2. Adopt a detailed agency-wide definition for counterterrorism spending. OMB and Congress should develop, adopt, and enforce a clear, usable set of criteria to define counterterrorism spending, including programs with the primary purpose of preventing, mitigating, or responding to terrorist attacks in the United States or overseas. This definition may be tailored to individual agency missions as long as agencies show how any counterterrorism spending addresses a credible threat to the United States.

3. Build on current accounting structures to anticipate future budget pressures. OMB should work with agencies to build on the current accounting structure to distinguish counterterrorism spending at the program, activity, and project levels, identifying ongoing vs. incremental emergency needs.

4. Tie the definition of war spending to specific activities. OMB and Congress should develop and implement clear criteria for terrorism-related spending through overseas contingency operations and other emergency authorities. This should include the cost of deploying U.S. troops to conflict zones; countering terrorist groups through military, diplomatic, or other operations; training foreign militaries; and conducting emergency military response activities within the United States that have a counterterrorism focus. Overseas contingency operations should be limited to such spending.

5. Require Congress to separately approve emergency or wartime spending. Congress should pass new legislation that requires it to vote separately to approve spending that is designated as war-related emergency or wartime overseas contingency operations spending before those funds can be obligated.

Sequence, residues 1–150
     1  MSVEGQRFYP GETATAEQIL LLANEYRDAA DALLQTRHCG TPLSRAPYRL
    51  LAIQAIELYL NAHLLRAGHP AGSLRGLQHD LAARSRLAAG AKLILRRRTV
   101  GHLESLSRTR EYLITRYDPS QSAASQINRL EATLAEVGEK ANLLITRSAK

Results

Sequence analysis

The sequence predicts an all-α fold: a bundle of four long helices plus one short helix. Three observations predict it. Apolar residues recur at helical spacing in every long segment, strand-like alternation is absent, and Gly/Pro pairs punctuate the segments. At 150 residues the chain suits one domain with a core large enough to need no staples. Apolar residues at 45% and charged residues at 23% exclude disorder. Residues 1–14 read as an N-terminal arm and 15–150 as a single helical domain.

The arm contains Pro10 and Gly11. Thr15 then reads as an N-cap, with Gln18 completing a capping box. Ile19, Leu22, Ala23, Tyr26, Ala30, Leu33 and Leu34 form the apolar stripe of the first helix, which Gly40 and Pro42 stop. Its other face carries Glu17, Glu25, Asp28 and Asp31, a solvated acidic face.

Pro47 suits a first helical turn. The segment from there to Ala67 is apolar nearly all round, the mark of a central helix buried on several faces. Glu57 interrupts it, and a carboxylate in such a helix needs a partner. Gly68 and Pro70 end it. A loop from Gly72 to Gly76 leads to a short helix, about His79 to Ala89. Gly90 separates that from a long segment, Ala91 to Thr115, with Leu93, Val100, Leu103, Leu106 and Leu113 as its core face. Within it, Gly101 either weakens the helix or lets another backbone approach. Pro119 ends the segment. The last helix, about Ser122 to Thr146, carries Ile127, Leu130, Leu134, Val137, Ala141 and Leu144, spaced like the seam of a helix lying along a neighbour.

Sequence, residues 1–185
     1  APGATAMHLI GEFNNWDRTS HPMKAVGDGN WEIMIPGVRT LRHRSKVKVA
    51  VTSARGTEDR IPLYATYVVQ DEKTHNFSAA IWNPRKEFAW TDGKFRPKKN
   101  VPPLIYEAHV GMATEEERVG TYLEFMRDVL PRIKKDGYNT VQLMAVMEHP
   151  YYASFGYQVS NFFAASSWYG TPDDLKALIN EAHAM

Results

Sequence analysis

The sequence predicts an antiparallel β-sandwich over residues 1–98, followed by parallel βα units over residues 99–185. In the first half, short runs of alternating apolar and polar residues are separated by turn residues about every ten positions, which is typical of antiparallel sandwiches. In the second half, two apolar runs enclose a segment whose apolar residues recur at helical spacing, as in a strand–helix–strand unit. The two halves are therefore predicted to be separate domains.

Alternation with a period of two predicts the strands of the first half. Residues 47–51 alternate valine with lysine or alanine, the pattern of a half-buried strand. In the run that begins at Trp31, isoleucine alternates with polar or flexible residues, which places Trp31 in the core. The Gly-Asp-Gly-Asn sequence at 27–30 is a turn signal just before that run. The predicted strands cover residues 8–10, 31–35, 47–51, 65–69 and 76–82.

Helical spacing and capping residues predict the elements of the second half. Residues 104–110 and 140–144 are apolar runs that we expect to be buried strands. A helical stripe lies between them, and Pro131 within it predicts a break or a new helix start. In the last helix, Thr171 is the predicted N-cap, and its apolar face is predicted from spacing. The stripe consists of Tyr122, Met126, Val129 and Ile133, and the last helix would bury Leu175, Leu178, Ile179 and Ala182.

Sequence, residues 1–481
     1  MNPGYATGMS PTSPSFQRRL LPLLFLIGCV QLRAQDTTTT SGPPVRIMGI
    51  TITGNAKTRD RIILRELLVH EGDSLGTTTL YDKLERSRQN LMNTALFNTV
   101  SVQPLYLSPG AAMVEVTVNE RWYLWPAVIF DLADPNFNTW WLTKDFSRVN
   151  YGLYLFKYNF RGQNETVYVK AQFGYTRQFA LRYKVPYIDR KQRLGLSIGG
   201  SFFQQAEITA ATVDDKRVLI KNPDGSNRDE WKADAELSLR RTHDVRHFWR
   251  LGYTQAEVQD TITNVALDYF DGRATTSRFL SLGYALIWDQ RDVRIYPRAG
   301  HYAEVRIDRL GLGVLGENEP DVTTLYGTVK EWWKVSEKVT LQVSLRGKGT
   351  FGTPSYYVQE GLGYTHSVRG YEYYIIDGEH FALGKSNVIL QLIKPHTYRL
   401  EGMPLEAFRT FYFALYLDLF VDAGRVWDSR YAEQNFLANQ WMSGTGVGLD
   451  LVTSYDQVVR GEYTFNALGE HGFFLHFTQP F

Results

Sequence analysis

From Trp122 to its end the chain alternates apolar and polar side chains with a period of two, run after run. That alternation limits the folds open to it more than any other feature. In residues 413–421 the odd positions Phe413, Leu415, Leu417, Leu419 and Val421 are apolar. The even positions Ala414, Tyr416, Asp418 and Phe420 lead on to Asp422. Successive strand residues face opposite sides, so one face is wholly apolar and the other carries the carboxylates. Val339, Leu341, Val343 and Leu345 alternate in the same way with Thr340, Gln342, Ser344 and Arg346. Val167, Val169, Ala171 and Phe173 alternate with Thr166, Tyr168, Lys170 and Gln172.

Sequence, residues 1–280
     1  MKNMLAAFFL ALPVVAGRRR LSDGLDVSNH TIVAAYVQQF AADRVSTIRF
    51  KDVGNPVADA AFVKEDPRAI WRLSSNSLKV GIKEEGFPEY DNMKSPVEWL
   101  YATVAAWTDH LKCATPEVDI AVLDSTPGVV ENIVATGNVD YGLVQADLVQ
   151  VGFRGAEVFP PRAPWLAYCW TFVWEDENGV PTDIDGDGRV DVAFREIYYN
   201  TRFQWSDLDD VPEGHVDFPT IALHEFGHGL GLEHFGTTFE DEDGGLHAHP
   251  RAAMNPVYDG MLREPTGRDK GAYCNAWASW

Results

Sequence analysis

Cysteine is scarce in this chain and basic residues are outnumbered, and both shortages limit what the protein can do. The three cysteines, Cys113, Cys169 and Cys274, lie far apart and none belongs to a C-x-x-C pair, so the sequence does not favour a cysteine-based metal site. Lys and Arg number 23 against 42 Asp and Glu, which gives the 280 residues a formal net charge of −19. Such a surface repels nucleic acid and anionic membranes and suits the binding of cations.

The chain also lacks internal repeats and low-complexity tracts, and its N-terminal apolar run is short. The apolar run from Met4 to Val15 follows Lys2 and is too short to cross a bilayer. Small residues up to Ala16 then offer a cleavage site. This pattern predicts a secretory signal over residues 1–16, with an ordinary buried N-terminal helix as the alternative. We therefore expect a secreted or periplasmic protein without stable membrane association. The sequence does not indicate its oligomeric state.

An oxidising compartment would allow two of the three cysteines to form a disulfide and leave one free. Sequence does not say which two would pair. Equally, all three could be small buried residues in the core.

Several questions about our 17-years-and-counting effort to destroy al Qaeda and its many offshoots come to mind. I won’t pretend to answer them on this solemn day. I’ll leave it to our readers and policymakers to decide the answers.

NGA model of Bin Laden compound in Pakistan used to plan strike

Has this money been well spent?

Should we change how we spend our money to counter terrorism?

Is a largely military response the most effective way to tackle terrorism?

Should we change the roles of the FBI, the State Department and aid agencies in responding to terrorism and its causes?

Should we offer an amnesty to terrorists around the world and offer to help them and their families rebuild their lives?

Should intelligence and law enforcement agencies take up the majority of the counterterrorism mission, joined, when needed, by special operations forces?

Should we pursue a policy of unconditional surrender in pursuing terrorists and physically destroy them, their redoubts and supporters?

Is our current approach effective?

Lest we forget, on Sept. 11, 2001 some 3,000 people died in the attacks on the World Trade Center, the Pentagon and on the hijacked planes. For a detailed and authoritative breakdown of US military casualties in the various wars we’ve waged since 2001, see this report by the Congressional Research Service.